By the time this is published schools around here will be on their second day of classes and the rest of us will still be enjoying summer. Both my loyal readers know that I have this thing about starting school before Labor Day and can’t resist reinforcing the idea that summer is too short as it is.
And, for the record, I’ve also been known to be in the minority on a lot of other issues so let’s see where we end up this week.
Like you, I’ve been watching all the nationalist patriotic fever that has been manifesting itself lately and it has given me pause, to say the least, because as I recall the Lord’s Ten Commandments indicate that Americans might be engaged in worshiping graven images.
For those of you who haven’t found time to review the Ten Commandments here’s the first one: ’Thou shall have no other Gods before me. You shall not make for yourself a graven image or any likeness of anything that in heaven above, or this is in the earth beneath, or that is in the water under the earth, you shall not bow down to them or serve them; for I the Lord your God am a jealous God, visiting the iniquity of that fathers upon the children to the third and fourth generation of those who hate me, but showing steadfast love to thousands of those who love me and keep my commandments.’
So let’s apply this to all the hoopla of kneeling before our flag during the national anthem then excoriating those who are brave enough to express disdain with issues that our country has engaged in. Could our flag be a graven image similar to the golden calf that was created during Moses' absences? Or have I just committed a sacrilegious act by disagreeing with those who seem to worship our flag?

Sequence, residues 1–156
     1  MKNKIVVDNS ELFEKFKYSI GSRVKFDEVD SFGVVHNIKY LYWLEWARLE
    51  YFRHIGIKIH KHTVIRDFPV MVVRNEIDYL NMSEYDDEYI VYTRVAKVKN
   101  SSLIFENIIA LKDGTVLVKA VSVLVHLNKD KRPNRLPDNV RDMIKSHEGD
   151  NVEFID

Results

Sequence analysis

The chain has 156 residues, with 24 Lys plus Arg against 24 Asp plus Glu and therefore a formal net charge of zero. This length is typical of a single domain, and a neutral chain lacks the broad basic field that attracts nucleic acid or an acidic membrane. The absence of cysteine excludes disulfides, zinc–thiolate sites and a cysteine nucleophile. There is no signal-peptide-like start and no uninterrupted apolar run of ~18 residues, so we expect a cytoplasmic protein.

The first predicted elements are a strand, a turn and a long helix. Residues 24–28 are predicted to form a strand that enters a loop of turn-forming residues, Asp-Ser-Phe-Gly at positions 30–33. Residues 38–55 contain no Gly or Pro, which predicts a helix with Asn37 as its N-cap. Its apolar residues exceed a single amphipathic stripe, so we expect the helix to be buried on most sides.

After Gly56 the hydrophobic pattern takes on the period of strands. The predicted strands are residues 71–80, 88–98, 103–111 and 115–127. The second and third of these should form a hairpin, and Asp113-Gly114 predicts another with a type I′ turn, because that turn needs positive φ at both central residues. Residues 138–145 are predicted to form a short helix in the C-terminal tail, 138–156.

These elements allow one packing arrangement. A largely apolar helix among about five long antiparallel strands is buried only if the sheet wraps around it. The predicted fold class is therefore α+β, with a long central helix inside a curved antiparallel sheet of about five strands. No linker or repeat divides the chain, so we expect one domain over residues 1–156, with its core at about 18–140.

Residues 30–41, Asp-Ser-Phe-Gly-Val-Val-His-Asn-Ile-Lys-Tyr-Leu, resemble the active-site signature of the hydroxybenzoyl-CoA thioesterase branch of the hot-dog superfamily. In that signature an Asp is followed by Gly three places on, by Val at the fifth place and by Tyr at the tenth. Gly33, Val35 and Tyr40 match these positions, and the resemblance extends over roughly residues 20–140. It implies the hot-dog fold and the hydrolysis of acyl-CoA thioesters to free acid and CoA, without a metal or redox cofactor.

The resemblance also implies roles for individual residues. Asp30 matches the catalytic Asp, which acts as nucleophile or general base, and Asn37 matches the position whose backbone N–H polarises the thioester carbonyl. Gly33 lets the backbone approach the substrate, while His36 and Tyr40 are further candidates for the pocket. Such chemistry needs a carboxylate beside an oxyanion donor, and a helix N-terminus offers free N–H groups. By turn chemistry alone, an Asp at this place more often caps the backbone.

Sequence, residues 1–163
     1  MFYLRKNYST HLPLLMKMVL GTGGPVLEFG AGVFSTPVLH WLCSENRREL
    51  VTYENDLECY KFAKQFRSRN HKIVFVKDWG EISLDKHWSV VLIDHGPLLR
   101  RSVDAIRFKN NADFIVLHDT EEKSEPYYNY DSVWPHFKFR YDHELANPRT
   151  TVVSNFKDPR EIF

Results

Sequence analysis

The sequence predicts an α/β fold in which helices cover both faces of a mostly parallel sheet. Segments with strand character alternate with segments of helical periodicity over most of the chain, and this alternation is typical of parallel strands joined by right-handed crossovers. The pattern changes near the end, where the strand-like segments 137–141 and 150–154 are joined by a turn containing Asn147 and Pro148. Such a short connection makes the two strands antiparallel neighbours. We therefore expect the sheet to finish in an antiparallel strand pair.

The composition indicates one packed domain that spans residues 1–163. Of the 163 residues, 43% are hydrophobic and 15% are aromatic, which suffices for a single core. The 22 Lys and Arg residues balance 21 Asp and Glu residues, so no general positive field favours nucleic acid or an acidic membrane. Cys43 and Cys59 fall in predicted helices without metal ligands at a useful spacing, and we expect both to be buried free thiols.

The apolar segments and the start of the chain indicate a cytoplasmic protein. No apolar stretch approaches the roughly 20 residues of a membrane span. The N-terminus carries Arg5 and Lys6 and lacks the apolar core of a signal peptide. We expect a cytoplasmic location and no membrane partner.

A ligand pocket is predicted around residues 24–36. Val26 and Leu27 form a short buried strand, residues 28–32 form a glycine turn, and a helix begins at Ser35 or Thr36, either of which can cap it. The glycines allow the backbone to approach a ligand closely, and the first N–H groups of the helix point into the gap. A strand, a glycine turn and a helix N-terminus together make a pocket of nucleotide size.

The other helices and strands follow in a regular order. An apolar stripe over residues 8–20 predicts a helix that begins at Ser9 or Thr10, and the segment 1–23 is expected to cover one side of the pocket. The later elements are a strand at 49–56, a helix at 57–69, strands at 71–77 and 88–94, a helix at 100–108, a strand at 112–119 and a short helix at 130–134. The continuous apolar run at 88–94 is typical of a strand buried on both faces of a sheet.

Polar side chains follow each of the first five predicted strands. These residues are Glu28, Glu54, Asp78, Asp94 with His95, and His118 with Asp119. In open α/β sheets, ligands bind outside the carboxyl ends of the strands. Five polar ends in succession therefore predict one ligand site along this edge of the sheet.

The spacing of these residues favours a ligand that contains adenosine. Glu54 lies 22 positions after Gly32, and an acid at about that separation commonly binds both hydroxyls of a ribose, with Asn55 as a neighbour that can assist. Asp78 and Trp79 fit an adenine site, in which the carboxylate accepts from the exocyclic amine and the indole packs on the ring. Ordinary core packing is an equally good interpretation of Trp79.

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The notion that such an act is unpatriotic bemuses me in the sense that those of us who understand the Constitution under which we have agreed to seek a more perfect union where our government is run by and for its citizens understand that all of us are entitled to participate in its formation. As such, the Bill of Rights applies to all citizens not just those in the majority. It's a messy process but up until recently it’s worked quite well.
We the people does not mean that all of us will agree with what the majority of us think should be done. Rather, we the people will differ from what our elected leaders do or say and we will not be punished for expressing our difference, but that’s not what our present leader is doing. He’s berating those who disagree with him and demanding that we follow him or face the consequences of his wrath. I, for one, think that’s not only wrong but it creates emotional wedges that exacerbate hate.
It seems to me that it’s natural for 300 million people to have differences; thus forming a more perfect union requires that we the people tolerate differences. And those who feel that folks who think differently should be punished for expressing themselves are about as anti-American as you can get.
The United States of America is more than just a flag or national anthem. Most of us understand that if we reduce ourselves to a song and piece of cloth we aren’t much of a country; patriotism requires more than this.
Patriotism requires vigilance and the strength to right wrongs and since our flag is a symbol of our freedoms we do have to be concerned about it becoming a graven image -- and that’s all I have to say about that.